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Better Livestock Management Enhances Agricultural Water Productivity in the Nile Basin
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Better livestock management enhances agricultural water productivity in the Nile Basin


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Poster prepared by Don Peden, Amare Haileslassie, Denis Mpairwe, Girma Taddesse, Hamid Faki, Mengistu Alemayehu, Paulo van Breugel, and Tilahun Amede for the CGIAR Challenge Program on Water and Food 2008: PN37—Nile Basin Livestock Water Productivity

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Better livestock management enhances agricultural water productivity in the Nile Basin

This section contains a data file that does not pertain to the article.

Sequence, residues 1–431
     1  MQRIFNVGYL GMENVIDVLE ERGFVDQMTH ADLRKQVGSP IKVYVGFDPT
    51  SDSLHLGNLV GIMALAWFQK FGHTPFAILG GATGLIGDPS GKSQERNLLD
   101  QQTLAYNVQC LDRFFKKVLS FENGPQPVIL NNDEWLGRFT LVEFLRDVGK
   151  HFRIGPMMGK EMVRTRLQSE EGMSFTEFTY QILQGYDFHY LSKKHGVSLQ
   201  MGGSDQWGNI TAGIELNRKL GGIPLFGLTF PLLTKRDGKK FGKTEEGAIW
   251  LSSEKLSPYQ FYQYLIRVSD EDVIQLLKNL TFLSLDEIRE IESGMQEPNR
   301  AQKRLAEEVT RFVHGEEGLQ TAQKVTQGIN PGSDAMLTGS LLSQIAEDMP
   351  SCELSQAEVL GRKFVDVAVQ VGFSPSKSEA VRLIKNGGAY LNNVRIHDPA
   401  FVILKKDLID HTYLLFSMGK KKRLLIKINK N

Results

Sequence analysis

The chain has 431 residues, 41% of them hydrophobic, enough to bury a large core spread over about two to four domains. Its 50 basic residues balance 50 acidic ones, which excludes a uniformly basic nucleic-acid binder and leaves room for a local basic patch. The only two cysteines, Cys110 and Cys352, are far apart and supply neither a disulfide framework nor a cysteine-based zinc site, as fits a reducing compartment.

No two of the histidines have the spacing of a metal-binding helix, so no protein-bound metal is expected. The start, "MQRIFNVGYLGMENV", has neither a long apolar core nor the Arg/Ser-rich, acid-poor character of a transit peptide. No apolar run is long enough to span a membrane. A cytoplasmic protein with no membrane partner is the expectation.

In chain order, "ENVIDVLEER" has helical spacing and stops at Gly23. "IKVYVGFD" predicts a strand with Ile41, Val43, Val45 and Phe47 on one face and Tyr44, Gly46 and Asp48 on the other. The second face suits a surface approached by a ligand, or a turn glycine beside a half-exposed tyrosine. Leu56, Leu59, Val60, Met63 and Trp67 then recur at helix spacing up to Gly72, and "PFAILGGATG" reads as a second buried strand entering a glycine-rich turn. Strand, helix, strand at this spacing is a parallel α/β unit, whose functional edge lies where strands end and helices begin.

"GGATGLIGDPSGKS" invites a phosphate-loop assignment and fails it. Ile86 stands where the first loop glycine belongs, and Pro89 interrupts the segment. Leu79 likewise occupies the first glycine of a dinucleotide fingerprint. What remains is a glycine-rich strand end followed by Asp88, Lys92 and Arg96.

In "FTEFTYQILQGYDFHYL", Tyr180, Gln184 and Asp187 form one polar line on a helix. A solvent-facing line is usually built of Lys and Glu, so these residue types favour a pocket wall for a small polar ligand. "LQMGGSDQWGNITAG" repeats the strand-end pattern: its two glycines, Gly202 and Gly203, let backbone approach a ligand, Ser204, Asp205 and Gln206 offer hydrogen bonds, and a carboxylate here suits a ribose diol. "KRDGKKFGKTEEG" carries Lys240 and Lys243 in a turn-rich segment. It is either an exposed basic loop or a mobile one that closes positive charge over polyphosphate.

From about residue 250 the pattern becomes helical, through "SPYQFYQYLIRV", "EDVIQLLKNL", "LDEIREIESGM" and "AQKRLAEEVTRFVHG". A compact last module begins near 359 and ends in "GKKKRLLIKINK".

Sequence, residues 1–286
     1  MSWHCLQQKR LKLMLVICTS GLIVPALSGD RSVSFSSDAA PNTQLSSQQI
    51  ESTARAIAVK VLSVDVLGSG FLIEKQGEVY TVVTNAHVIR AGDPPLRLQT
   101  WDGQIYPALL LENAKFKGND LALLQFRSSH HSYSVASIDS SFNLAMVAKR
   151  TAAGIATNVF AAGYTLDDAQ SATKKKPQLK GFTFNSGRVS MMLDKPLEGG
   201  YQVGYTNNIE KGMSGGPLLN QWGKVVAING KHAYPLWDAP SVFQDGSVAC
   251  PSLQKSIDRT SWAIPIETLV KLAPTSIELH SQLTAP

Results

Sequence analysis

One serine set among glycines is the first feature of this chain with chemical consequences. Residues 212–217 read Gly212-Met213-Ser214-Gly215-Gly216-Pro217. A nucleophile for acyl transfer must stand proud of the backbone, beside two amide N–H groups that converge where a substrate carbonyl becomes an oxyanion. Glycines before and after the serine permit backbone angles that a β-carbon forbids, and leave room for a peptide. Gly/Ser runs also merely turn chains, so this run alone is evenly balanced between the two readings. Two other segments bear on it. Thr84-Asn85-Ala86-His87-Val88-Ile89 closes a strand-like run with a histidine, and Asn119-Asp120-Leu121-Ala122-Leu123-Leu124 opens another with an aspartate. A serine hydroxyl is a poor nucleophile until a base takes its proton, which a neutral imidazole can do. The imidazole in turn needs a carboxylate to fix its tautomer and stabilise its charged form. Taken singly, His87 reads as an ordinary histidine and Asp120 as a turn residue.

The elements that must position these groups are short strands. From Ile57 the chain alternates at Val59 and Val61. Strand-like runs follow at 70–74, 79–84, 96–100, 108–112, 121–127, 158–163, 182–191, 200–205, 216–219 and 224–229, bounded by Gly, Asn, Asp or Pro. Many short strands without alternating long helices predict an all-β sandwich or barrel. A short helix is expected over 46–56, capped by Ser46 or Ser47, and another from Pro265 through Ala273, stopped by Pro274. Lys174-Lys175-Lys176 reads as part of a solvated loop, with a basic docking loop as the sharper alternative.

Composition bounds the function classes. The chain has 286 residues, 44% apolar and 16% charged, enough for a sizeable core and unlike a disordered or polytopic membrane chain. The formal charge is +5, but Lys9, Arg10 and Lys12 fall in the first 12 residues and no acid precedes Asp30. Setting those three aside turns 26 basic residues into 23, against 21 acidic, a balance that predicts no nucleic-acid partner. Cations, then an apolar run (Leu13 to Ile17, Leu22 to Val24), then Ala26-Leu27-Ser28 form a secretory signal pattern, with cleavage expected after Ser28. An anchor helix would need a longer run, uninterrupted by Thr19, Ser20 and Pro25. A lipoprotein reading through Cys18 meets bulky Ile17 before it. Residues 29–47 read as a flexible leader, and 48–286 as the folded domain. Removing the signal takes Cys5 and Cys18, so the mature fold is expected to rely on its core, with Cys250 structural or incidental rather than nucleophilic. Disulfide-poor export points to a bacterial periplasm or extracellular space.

1. 1. Better Livestock Management Enhances Agricultural Water Productivity in the Nile Basin Don Peden1, Amare Haileslassie1, Denis Mpairwe2, Girma Taddesse1, Hamid Faki3, Mengistu Alemayehu4, Paulo van Breugel1, and Tilahun Amede1&5 1International Livestock Research Institute; 2Dep’t. of Animal Science, Makerere University, Uganda; 3Agriculture Economics and Policy Research Center, ARC, Sudan; PN37: Nile Basin Livestock Water Productivity 4Ethiopian Institute for Agricultural Research; and 5International Water Management Institute Introduction Four strategies help increase LWP The CGIAR Comprehensive Assessment of Water Management in 1. Select feeds and forages having high crop water productivity. 3. Improve market access, animal health, nutrition, genetics, and Agriculture confirmed: • Crop residues are by-products of food production. husbandry to reduce mortality, morbidity and stress and increase • The urgency and feasibility of increasing rainfed livestock and production, profitability, and LWP. • Their use as animal feed requires no extra crop water. crop water productivity. • Water managers need to integrate Animal Science based technologies, • Combining residues with more nutritious feed may be necessary to policies, and institutions into water management. • Livestock are major water users. Increasing numbers generate maintain nutritionally adequate and palatable diets. rapidly growing demand for more water to produce their feed. Example: Ethiopians farmers increased annual income from about $300 • Crop water productivity of forages is highly variable; there is need to to $1500 by integrated adoption of household water harvesting, cross- • Developing country livestock depend on multiple water use identify those that deplete the least amount of water for production. systems. Poor management leads to severe water degradation. bred dairy cows, zero-grazing and watering, and marketing. Examples: Residues from Sudan’s irrigation schemes enable herders to Therefore, there is great need to ensure that livestock use water Adoption of appropriate fatten cattle after trekking long distances to markets in Khartoum (left). technologies to enhance effectively, efficiently, and sustainably. Ethiopia’s highland farmers depend on residues to sustain animals that animal production in water harvesting develop-ment provide farm power, milk, meat, cash income and other benefits (right). leads to increased LWP and Nile basin livestock water productivity (LWP) Irrigated residues greater benefits to farmers. Sasakawa Global 2000 used for feed in • LWP is the ratio of net benefits derived from livestock products Khartoum (left). participating farmer benefits from dairying (left) and and services to the amount of water depleted in producing them. horticulture (right). Ethiopian highland • This project set out to describe the nature and distribution of farmers harvest major livestock-water interactions in the Nile and identify hot residues and grain to sustain life in the 4. Provide drinking water in areas having surplus feed resources. spots where opportunities exist to LWP through better livestock long dry season (right). • Provision of drinking water in areas with surplus feed enables herders and water management. to realize high LWP by utilizing already produced feed that has no • The research takes place in Ethiopia, Sudan and Uganda. other agricultural value. 2. Conserve water through better management of animal use of pasture, riparian vegetation, cropland and water bodies. • Livestock keepers must limit grazing near drinking water to prevent Where are the Nile’s people & animals? overgrazing; ecosystem, land and water degradation; and low LWP. • Maintain green vegetative cover to maximize transpiration, plant production, and reduce evaporation, run-off, and contamination and Example: In Sudan, LWP is low. In some places, overgrazing reduces Country Area* Livestock Number forage production near watering sites. Elsewhere, animals cannot access degradation of water resources. (1000 system (% of (millions) available feed due to lack of water. Optimal balancing distributions of • Replenish soil nutrients and water holding capacity to maximize km2) Nile basin ) plants’ capacity to use water efficiently. animals, feed, and drinking water can enhance LWP over large areas. irrigated Grazing rainfed People Example: Overgrazing in Nakasongola, Uganda, rendered large Mixed Mixed Cattle Drinking 1000 Sheep Goats Average animal drinking pastoral areas non-productive. Re-seeding pasture raised biomass water deficit in the water m3/day Central Belt of Sudan production from nil to 3000 kg/ha/season and reduced sedimentation of (right) requires balance Sudan 1,932 75 22 <1 32 26 34 27 downslope valley tanks by 95%. Restoring vegetative cover promoted investments in watering Demand 1437 sites (left) to take Ethiopia 361 23 71 0 5 4 14 25 water conservation that results in increased LWP. advantage of surplus Supply 846 feed and increase LWP. Egypt 286 87 1 11 3 2 3 62 Makerere University Deficit 591 researchers re-seed Uganda 204 19 72 0 1 3 5 23 highly degraded pasture (left), Tanzania 86 11 76 0 <1 3 6 7 increase increase Conclusion LWP (right), and Kenya 47 13 78 0 1 2 4 12 improve downslope Improved institutional arrangements, policies, technologies, and Others 76 10 80 <1 1 1 1 14 water quality and availability in valley stakeholders’ behaviour in the context of integrated livestock and water TOTAL 2,993 61 34 1 45 41 67 170 tanks. management will lead to increased LWP and thus improved food security and livelihoods for poor livestock keepers in the Nile Basin. * Area refers to country land areas located within the Nile River basin only.